Condé Nast hiring team dedicated to Snapchat as part of audience development strategy; Facebook garners likes but major publishers fleeing Instant Articles
Many publishers are utilizing social platforms as part of their audience development strategy. Today we’re looking primarily at Snapchat and Facebook, as these two platforms have been receiving a lot of attention recently.
We begin today with Condé Nast, which is hiring a Snapchat team. AdWeek reports, “Starting this month, GQ, Wired and Self will begin publishing weekly editions to Discover, the section of the app where 20-something publishers crank out mobile content. Time Inc. and Hearst also run multiple channels alongside content from big-name publishers like The Washington Post and The New York Times that reach millions of people every day. As part of the investment in Snapchat, Matt Starker, general manager of digital at Condé Nast, said the company is building a team to help publishers create more content.”
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“After testing Discover with a mini takeover edition in November, Carolyn Kylstra, editor in chief of Self, said the app opens up a new audience and requires a different approach to content but not necessarily different content.”
According to Kylstra, much of the content is the same for Snapchat. “”The content that is interesting that performs and does well on Snapchat is honestly the same type of content that performs on Instagram or Facebook or everywhere else that we exist—it’s just a matter of translating it in the Snapchat language,” she said. “Every edition has Snapchat-specific content in it. It’s become part of our routine.””
It’s not surprising that Condé Nast is using a dedicated team for Snapchat because Snapchat’s popularity is growing. As eMarketer reports, “Some 78% of respondents said they use Snapchat on a daily basis, which was a slightly higher proportion than said they use Instagram (76%) or Facebook (66%) every day.”
“Of those who use Snapchat on a daily basis, the frequency of usage was high. Roughly seven in 10 said they use it more than six times per day, and over half said they use it more than 11 times a day.”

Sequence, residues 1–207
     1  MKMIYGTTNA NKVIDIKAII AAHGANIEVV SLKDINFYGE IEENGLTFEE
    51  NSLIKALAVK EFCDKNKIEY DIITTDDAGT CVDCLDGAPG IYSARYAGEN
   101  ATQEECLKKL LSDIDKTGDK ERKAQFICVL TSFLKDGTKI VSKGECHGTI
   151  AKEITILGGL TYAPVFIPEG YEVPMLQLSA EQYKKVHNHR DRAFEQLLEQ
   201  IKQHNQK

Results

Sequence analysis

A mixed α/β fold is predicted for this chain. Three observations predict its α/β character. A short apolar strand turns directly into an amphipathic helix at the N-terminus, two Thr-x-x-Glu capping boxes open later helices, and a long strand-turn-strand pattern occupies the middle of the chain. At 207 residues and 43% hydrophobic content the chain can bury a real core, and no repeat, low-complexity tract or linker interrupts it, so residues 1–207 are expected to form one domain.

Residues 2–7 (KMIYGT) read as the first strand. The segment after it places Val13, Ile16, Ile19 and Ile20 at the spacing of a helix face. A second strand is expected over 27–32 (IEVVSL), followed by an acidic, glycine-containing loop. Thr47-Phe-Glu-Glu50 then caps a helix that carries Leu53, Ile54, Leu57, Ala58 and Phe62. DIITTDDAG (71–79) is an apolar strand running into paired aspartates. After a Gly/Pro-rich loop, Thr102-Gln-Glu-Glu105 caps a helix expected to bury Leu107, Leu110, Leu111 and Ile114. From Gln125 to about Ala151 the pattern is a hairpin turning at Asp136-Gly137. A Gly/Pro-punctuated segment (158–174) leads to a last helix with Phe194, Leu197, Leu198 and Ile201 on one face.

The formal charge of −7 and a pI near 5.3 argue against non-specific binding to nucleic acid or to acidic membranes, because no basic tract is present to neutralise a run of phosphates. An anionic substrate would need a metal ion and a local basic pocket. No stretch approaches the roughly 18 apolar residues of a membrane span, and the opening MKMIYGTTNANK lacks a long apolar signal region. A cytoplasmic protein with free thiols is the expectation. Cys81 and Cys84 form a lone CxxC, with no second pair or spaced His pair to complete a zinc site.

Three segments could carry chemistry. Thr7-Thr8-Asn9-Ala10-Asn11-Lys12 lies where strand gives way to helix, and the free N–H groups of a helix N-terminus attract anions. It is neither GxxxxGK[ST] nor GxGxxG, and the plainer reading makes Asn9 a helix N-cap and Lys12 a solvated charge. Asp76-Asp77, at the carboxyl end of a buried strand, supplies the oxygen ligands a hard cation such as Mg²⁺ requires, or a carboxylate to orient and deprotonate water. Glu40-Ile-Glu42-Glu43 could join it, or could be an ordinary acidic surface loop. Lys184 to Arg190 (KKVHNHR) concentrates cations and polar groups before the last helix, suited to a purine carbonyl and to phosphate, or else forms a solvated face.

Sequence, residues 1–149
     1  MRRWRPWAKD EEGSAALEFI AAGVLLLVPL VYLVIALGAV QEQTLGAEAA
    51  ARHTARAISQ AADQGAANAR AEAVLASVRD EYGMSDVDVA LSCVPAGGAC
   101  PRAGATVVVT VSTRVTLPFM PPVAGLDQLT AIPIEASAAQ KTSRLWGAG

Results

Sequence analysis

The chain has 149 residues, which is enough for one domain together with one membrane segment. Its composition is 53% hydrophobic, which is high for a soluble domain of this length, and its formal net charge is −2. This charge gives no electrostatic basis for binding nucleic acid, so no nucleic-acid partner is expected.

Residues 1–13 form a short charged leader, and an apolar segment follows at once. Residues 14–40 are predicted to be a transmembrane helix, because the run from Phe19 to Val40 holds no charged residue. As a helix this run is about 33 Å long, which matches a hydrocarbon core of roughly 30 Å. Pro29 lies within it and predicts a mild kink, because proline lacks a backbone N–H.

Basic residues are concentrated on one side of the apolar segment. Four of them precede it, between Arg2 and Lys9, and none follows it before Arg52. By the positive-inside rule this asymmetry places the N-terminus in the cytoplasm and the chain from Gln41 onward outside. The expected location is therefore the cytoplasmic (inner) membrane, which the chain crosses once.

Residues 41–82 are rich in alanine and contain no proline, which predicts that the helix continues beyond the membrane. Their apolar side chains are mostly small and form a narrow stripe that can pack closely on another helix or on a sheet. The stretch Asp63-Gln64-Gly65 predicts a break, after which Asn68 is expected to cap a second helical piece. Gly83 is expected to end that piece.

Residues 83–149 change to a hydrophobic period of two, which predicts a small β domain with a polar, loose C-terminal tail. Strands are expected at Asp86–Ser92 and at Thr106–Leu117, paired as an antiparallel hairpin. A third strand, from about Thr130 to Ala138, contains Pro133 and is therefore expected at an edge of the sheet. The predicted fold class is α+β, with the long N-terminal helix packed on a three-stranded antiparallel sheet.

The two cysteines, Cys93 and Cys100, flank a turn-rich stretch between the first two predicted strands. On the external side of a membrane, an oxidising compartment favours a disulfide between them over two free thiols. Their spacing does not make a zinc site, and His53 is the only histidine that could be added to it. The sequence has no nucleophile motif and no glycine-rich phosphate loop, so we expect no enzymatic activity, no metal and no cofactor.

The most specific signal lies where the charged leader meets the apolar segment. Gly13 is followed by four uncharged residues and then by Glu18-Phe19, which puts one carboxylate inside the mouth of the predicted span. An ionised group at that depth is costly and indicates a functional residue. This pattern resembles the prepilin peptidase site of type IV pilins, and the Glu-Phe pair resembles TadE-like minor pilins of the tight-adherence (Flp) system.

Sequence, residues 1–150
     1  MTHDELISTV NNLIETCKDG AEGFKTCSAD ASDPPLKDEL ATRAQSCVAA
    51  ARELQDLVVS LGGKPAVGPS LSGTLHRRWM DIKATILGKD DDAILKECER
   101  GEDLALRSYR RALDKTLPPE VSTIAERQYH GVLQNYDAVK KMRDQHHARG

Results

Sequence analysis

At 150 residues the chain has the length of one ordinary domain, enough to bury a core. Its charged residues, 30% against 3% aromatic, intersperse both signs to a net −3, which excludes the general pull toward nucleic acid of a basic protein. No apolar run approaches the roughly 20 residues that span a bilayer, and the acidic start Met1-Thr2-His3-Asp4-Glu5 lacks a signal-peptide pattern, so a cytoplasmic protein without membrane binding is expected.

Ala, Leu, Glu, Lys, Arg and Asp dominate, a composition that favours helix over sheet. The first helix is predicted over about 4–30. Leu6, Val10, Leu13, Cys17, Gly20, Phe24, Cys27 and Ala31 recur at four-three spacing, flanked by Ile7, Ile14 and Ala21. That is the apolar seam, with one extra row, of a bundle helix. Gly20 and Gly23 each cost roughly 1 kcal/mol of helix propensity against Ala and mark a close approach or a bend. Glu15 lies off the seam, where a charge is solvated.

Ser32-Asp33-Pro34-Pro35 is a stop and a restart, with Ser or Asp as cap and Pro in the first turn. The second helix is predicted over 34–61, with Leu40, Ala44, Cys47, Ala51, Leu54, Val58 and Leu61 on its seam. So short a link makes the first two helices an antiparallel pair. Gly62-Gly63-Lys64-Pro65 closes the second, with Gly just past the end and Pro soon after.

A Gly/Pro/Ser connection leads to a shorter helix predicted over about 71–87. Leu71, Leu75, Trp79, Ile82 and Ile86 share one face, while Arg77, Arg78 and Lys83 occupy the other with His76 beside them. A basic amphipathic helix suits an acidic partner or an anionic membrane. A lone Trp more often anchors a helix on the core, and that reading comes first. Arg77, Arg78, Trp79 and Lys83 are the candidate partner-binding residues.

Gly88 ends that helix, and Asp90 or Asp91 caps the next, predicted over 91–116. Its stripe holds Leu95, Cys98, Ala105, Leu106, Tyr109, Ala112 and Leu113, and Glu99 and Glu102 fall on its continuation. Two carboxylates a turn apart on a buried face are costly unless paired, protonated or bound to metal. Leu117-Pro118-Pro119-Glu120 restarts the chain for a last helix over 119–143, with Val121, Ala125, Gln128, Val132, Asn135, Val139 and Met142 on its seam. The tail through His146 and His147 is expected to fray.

“Not surprisingly, millennials make up the largest share of Snapchat’s US user base. eMarketer estimates millennial monthly active users (MAUs) of the platform will total 43.9 million in 2017.” That’s a good reason not to jump on the bandwagon unless your demographics call for it, but it’s a great reason to test the waters if millennials are your target audience.
Our last story looks at Facebook as an audience development strategy. According to MPA, Facebook accounts for 43.8% of the social network share of total magazine media industry likes and followers.
However, Facebook’s wooing of publishers with Instant Articles has not been faring as well lately. We keep hearing mixed reports from different publishers, so take anything you hear with a grain of salt, but The Verge reports, “In discussions with Facebook executives, former employees, publishers, and industry observers, a portrait emerges of a product that never lived up to the expectations of the social media giant, or media companies. After scrambling to rebuild their workflows around Instant Articles, large publishers were left with a system that failed to grow audiences or revenues. Facebook says the adoption of Instant Articles is growing quickly, and that upcoming changes to the platform will lure back some of the major media companies that have abandoned it. But given Facebook’s other priorities, the future of Instant Articles is less certain than ever.”
This of course contradicts other news from publishers like The Washington Post who have said that this new platform was “very lucrative” for them.
So I think it’s safe to say that results have varied greatly from publisher to publisher, but The Verge writes:
“At the end of last year, DCN surveyed its members on the financial performance of content published to third-party platforms including Facebook, Twitter, Snapchat, and Google’s AMP project. It found that not one publisher reported earning more money through Instant Articles than they did through their own properties. “We make less money on Instant Articles than we do on mobile web, which is probably everyone’s experience,” said Bill Carey, director of audience development at Slate. And while Facebook reported that publishers using Instant Articles saw readers consuming 25 percent more content, most DCN members had seen no such increase.”
It appears that although Facebook is still a worthy social platform for an audience development strategy, Instant Articles are not the focus. But to expect Instant Articles to perform better than your own site is not only unrealistic, but also not a great goal. Ideally, it should be additional traffic, not supplemental.
Do you agree or disagree? Leave a comment below with your thoughts.